Findings from the journal Science Advances catapult the possible emergence of Earth-dwelling fungi a further 300 million years into the past. According to researchers from the Université libre de Bruxelles, newly excavated fossils place the origins of fungal life between 715 and 810 million years ago.
Not only do these recently discovered remains add serious age to kingdom fungi, they also offer a potential explanation to an equally profound phenomenon: The migration of plants from the ocean to the land.
After detecting the presence of chitin — a complex carbohydrate produced by mushrooms — in ancient rocks found in the Democratic Republic of the Congo, lead researcher Steeve Bonneville confirmed the presence of fungal filaments.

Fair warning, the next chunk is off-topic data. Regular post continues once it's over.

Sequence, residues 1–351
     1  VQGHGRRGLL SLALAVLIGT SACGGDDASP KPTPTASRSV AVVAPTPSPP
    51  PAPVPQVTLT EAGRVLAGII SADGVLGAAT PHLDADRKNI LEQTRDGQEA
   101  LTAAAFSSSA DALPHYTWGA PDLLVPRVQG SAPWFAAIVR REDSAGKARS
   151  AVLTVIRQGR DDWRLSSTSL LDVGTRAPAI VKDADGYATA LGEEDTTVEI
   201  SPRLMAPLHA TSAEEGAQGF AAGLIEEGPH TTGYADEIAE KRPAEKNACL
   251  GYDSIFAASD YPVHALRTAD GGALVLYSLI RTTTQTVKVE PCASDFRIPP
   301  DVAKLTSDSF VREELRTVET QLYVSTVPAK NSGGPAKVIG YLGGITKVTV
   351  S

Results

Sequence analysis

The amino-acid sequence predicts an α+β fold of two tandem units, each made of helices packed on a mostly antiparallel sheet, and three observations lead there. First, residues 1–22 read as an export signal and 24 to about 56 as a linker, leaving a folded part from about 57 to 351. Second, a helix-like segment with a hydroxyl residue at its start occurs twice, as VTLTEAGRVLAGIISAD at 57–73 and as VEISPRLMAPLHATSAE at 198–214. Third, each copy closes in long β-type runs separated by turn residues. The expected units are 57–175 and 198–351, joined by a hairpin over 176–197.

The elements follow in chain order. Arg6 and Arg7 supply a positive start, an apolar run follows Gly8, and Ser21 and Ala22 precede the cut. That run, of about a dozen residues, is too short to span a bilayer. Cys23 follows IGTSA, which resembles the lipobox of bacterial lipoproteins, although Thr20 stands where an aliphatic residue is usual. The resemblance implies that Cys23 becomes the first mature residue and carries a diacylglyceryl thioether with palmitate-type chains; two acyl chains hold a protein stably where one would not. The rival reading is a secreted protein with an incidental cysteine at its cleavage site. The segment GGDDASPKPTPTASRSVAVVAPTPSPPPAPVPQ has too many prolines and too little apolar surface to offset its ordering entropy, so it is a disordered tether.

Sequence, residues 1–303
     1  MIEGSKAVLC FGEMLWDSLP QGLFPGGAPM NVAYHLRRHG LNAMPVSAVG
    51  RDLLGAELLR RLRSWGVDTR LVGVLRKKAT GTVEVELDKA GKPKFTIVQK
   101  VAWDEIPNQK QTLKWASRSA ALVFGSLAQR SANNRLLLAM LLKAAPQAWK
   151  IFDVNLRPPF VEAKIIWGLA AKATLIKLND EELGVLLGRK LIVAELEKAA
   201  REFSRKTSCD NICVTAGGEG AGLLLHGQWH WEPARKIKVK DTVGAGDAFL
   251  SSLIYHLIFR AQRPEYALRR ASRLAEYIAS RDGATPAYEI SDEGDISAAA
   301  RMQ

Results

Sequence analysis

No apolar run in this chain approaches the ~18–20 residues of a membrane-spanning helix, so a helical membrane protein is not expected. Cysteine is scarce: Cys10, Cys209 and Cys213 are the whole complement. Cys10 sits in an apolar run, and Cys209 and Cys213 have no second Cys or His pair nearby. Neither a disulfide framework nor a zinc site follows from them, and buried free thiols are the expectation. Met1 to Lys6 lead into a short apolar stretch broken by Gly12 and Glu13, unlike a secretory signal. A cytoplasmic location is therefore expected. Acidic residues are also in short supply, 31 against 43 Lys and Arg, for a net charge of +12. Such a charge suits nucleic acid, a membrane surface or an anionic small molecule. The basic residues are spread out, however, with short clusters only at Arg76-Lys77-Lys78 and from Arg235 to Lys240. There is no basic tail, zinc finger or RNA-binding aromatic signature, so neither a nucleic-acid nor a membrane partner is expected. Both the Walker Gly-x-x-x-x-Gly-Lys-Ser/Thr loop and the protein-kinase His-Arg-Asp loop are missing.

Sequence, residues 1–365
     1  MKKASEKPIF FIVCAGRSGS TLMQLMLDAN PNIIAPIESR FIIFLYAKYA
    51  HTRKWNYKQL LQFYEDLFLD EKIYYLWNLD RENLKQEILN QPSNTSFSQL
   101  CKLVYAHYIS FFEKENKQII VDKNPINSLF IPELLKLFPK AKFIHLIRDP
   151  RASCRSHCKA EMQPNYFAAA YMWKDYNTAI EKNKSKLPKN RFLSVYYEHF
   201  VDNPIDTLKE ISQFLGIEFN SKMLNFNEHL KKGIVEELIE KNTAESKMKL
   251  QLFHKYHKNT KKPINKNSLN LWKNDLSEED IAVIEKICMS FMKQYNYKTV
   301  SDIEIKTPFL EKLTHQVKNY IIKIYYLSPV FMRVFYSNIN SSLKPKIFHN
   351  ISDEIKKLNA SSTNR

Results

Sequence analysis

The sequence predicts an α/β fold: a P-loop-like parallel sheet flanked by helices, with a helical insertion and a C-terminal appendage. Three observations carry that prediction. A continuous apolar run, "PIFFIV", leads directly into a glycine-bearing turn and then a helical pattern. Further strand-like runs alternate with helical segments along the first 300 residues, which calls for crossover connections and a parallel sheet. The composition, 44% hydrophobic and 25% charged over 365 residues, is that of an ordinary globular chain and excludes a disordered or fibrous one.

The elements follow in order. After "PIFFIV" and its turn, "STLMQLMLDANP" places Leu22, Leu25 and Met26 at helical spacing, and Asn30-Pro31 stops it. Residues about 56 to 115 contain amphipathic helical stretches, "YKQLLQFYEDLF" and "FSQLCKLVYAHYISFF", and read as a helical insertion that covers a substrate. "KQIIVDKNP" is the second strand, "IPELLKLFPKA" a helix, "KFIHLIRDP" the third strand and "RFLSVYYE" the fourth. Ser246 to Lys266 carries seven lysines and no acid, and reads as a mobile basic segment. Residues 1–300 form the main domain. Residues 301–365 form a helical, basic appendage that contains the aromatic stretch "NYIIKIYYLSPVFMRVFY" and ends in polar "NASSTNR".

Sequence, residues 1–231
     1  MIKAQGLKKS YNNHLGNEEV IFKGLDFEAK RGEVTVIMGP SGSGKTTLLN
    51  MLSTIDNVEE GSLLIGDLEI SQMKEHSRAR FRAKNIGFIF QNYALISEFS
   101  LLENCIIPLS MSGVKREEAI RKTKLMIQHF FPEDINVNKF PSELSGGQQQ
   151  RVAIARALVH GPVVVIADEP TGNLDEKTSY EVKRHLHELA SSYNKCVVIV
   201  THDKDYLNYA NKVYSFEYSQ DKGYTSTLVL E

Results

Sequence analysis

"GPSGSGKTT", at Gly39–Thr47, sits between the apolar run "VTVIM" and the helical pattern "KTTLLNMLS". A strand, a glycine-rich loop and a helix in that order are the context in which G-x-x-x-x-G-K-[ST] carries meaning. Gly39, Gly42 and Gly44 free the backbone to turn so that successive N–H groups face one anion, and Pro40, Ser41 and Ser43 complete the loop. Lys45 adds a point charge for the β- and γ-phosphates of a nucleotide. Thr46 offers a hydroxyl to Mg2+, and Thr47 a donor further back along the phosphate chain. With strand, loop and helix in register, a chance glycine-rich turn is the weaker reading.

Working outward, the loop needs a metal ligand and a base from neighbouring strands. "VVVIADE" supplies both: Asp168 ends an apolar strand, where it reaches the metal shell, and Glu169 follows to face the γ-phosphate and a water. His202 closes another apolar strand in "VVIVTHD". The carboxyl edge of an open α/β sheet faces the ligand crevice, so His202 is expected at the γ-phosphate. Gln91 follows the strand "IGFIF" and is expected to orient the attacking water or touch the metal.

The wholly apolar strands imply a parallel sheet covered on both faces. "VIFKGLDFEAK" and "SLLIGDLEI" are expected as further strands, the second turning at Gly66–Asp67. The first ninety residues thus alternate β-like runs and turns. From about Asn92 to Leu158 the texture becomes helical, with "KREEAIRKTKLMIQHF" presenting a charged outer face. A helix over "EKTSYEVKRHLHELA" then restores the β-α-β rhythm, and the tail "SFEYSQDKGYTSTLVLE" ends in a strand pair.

Known as hyphae, these strands form a mycelial matrix capable of secreting enzymes and externally digesting organic matter. Fungi harnessed this digestive mechanism to terrestrialize Earth, playing the role of a decomposing architect.
Bonneville stated, “The presence of fungi in this transitional area between water and land leads us to believe that these microscopic mushrooms were important partners of the first plants that colonized the Earth’s surface around 500 million years ago”.
Luke Sumpter is a freelance journalist that specializes in health, wellness, and alternative therapies. Currently, he’s working on a dissertation exploring the emerging role of the endocannabinoid system in orthopaedic medicine.
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